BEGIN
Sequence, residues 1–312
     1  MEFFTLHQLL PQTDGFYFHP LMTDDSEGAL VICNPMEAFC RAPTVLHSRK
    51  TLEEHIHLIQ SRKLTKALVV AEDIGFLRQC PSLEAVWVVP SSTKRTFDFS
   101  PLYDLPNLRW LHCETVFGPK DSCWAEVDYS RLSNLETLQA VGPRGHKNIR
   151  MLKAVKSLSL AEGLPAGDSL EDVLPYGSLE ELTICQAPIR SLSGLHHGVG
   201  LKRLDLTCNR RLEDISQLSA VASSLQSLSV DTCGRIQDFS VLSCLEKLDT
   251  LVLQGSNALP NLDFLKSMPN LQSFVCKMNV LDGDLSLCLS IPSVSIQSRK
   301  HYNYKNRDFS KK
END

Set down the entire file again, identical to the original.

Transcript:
Sequence, residues 1–312
     1  MEFFTLHQLL PQTDGFYFHP LMTDDSEGAL VICNPMEAFC RAPTVLHSRK
    51  TLEEHIHLIQ SRKLTKALVV AEDIGFLRQC PSLEAVWVVP SSTKRTFDFS
   101  PLYDLPNLRW LHCETVFGPK DSCWAEVDYS RLSNLETLQA VGPRGHKNIR
   151  MLKAVKSLSL AEGLPAGDSL EDVLPYGSLE ELTICQAPIR SLSGLHHGVG
   201  LKRLDLTCNR RLEDISQLSA VASSLQSLSV DTCGRIQDFS VLSCLEKLDT
   251  LVLQGSNALP NLDFLKSMPN LQSFVCKMNV LDGDLSLCLS IPSVSIQSRK
   301  HYNYKNRDFS KK